The role of Winnie in Samuel Beckett’s “Happy Days” is supposed to be one of the prized roles for women of a certain age. “One of those parts,” Dame Peggy Ashcroft once said, “actresses will want to play in the way that actors aim at ‘Hamlet.’”
That it has to be played covered in dirt to her torso and later, under a mound piled up to her neck tells you something about the number of prized roles there are for women of a certain age.
That the current SCENA production stars Nancy Robinette, who was their Mother Courage five years ago and earned three Helen Hayes Awards on some of the most prominent stages around town, alone makes this production worth seeing.
“…Whatever she seems to do as Winnie, Robinette makes it work…”
Determined to be cheery despite the world’s weight, which literally closes in on her, she’s splendid in the role, reciting the absurdities in Beckett’s script and getting the most out of its oddest non sequiturs.
For most of the play, directed by Robert McNamara, she is addressing Willie, played by Stephen Lorne Williams, who largely has his back to the audience, when he is seen at all, as he briefly reads from the classified in act one, and crawls up the dirt pile to end act two.
But this is fully Winnie’s — and thus Robinette’s — show, a reverent homage to the rarely performed Theater of the Absurd nugget (which has nothing to do with the Fonz, Richie or 60s nostalgia, though it was also first produced in 1961).
Put simply, this is a woman in a pile of dirt who chirps about cheerfully nonetheless. As in Beckett’s best known play, “Waiting for Godot,” it’s more about what’s not there than what is. We are given no explanation about how she got this way or why.
As Winnie picks through and enumerates the contents of her purse, or tries to read what’s written on her toothbrush, what she says can be taken as pure comedy, as when she muses, “What is that unforgettable line?” about a line she clearly can’t remember.
Or it could be just taken as a kind of jangled, modernist free verse. (When she pulls out a handgun, she says, presciently, “Not again”).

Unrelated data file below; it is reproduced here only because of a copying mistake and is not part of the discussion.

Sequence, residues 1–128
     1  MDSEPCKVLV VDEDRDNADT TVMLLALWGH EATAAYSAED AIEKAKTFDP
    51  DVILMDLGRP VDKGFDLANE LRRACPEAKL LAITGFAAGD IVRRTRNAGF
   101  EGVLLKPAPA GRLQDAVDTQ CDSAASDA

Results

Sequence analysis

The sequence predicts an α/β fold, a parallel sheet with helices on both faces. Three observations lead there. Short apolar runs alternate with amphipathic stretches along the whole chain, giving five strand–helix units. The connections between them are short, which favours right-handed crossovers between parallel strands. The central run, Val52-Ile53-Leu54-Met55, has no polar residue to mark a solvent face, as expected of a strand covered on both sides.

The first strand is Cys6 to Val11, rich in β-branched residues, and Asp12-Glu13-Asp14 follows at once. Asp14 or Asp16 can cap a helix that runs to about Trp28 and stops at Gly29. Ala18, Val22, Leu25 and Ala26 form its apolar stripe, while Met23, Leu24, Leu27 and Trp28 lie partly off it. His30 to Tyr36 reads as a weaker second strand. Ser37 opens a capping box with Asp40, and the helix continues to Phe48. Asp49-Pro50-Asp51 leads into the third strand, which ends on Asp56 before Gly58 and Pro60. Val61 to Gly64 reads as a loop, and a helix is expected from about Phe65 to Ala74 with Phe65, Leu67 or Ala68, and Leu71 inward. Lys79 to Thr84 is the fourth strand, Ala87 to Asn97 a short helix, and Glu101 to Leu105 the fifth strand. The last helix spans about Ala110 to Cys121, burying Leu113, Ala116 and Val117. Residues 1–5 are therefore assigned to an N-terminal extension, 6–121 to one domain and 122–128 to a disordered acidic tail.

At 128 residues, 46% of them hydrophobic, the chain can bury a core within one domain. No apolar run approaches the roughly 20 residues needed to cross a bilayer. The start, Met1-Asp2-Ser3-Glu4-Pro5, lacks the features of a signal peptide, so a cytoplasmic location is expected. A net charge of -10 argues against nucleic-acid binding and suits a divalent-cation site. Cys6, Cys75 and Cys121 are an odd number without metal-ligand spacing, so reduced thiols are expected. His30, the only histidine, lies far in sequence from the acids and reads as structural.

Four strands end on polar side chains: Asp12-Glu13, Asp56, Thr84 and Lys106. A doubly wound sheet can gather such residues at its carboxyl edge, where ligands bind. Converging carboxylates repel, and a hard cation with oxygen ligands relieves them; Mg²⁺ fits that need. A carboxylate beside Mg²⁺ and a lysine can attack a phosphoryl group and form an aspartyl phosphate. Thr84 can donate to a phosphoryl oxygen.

Whatever she seems to do as Winnie, Robinette makes it work.
The actress is pictured in ads for Happy Days wearing a feathered hat and a chipper smile though buried to the neck in earth, a handgun lying nearby compounding the absurdity.
But full stage dressing does not have the ease of PhotoShop, so she sits atop a mound meant to be dirt as if at a desk. Indeed, that may be the underpinning of Michael Stepowany’s design, with the seaside mounds of sands depicted by canvas stretched between boxy forms, the fabric’s seams clearly in sight.
That’s a disappointment, because if there is ever an excuse to stage a play with a woman up to her neck in dirt, it should be this one. Alas, in act one she seems so comfortable in the setting, it looks as if she is hosting a talk show.
Which would explain how uncomfortably cold it is in the theater.
Guests often complain about how cold it is in David Letterman’s studio. But it couldn’t be more frigid than the Atlas Performing Arts Center whose air conditioner was set at utterly, distractingly, end-of-global-warming freeze. If that had been part of the intent; had they been doing a production of “Frozen,” say, it would have worked. But as this is set on a beach, I’m thinking it worked against the play’s intent.
Yes, I should have brought a sweater (or parka). But there seems no reason to chill a house to distraction. It made me realize that, although uncredited, temperature control is every bit as important as lighting design in presenting a successful night of theater.
There were other minor annoyances in the production — why have a recording of a music box or a bell ringing, denying the intimacy that is otherwise created? Likewise, why have her pantomime brushing her teeth and fake spitting? Why not a real brushing?
And though lighting director Marianne Meadows’ even sunlight is highlighted by a fluffy fixed cloud on a blue backdrop, it shook at one point as someone obviously rattled the projection by mistake.
But maybe that was just another one of life’s absurdities. Like the guy on the X2 bus after the show who kept bellowing about going to the White House to talk to the president about what sounded like “Fava Day.”
That whole scene might have made for a good Theatre of the Absurd one-act as well.
Which means that after all these years, Beckett either is still very good at reflecting everyday absurdities, or remains successful in allowing us to see more vividly the existing absurdities all around us. I choose the latter.
Running Time: 100 minutes, one intermission.
The SCENA production of Happy Days by Samuel Beckett continues at the Atlas Performing Arts Center, 1333 H St. NE, Washington, D.C. through July 5, 2014. Tickets at 202-399-7993 or online.